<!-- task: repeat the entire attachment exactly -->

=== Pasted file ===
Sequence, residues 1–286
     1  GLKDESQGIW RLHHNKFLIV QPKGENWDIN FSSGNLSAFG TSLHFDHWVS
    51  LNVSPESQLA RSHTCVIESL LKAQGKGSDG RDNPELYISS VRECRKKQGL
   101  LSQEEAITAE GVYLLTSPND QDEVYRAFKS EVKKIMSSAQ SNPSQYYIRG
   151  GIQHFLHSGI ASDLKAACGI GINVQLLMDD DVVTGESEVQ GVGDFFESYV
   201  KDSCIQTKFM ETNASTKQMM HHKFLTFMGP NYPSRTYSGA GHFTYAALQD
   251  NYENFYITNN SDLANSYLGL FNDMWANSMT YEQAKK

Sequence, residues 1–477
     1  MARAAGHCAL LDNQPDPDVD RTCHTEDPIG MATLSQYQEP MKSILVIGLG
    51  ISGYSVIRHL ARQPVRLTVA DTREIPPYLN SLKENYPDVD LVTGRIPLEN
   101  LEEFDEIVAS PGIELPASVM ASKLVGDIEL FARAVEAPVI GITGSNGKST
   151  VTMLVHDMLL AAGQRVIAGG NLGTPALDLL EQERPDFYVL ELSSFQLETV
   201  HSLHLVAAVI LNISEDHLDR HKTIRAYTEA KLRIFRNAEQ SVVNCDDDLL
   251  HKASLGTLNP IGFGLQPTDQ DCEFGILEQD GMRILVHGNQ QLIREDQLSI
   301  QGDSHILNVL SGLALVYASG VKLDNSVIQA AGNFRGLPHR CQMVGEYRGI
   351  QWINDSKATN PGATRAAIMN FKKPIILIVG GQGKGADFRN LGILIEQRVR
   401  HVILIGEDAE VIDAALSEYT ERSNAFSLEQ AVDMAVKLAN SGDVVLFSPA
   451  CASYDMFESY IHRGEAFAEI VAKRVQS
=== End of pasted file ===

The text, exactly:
Sequence, residues 1–286
     1  GLKDESQGIW RLHHNKFLIV QPKGENWDIN FSSGNLSAFG TSLHFDHWVS
    51  LNVSPESQLA RSHTCVIESL LKAQGKGSDG RDNPELYISS VRECRKKQGL
   101  LSQEEAITAE GVYLLTSPND QDEVYRAFKS EVKKIMSSAQ SNPSQYYIRG
   151  GIQHFLHSGI ASDLKAACGI GINVQLLMDD DVVTGESEVQ GVGDFFESYV
   201  KDSCIQTKFM ETNASTKQMM HHKFLTFMGP NYPSRTYSGA GHFTYAALQD
   251  NYENFYITNN SDLANSYLGL FNDMWANSMT YEQAKK

Sequence, residues 1–477
     1  MARAAGHCAL LDNQPDPDVD RTCHTEDPIG MATLSQYQEP MKSILVIGLG
    51  ISGYSVIRHL ARQPVRLTVA DTREIPPYLN SLKENYPDVD LVTGRIPLEN
   101  LEEFDEIVAS PGIELPASVM ASKLVGDIEL FARAVEAPVI GITGSNGKST
   151  VTMLVHDMLL AAGQRVIAGG NLGTPALDLL EQERPDFYVL ELSSFQLETV
   201  HSLHLVAAVI LNISEDHLDR HKTIRAYTEA KLRIFRNAEQ SVVNCDDDLL
   251  HKASLGTLNP IGFGLQPTDQ DCEFGILEQD GMRILVHGNQ QLIREDQLSI
   301  QGDSHILNVL SGLALVYASG VKLDNSVIQA AGNFRGLPHR CQMVGEYRGI
   351  QWINDSKATN PGATRAAIMN FKKPIILIVG GQGKGADFRN LGILIEQRVR
   401  HVILIGEDAE VIDAALSEYT ERSNAFSLEQ AVDMAVKLAN SGDVVLFSPA
   451  CASYDMFESY IHRGEAFAEI VAKRVQS